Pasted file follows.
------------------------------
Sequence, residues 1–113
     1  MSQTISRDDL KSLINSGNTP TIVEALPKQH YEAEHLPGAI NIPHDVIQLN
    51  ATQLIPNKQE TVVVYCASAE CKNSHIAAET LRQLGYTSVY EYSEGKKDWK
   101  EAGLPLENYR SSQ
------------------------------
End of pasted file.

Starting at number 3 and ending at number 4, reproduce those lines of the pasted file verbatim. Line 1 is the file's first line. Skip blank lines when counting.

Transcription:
    51  ATQLIPNKQE TVVVYCASAE CKNSHIAAET LRQLGYTSVY EYSEGKKDWK
   101  EAGLPLENYR SSQ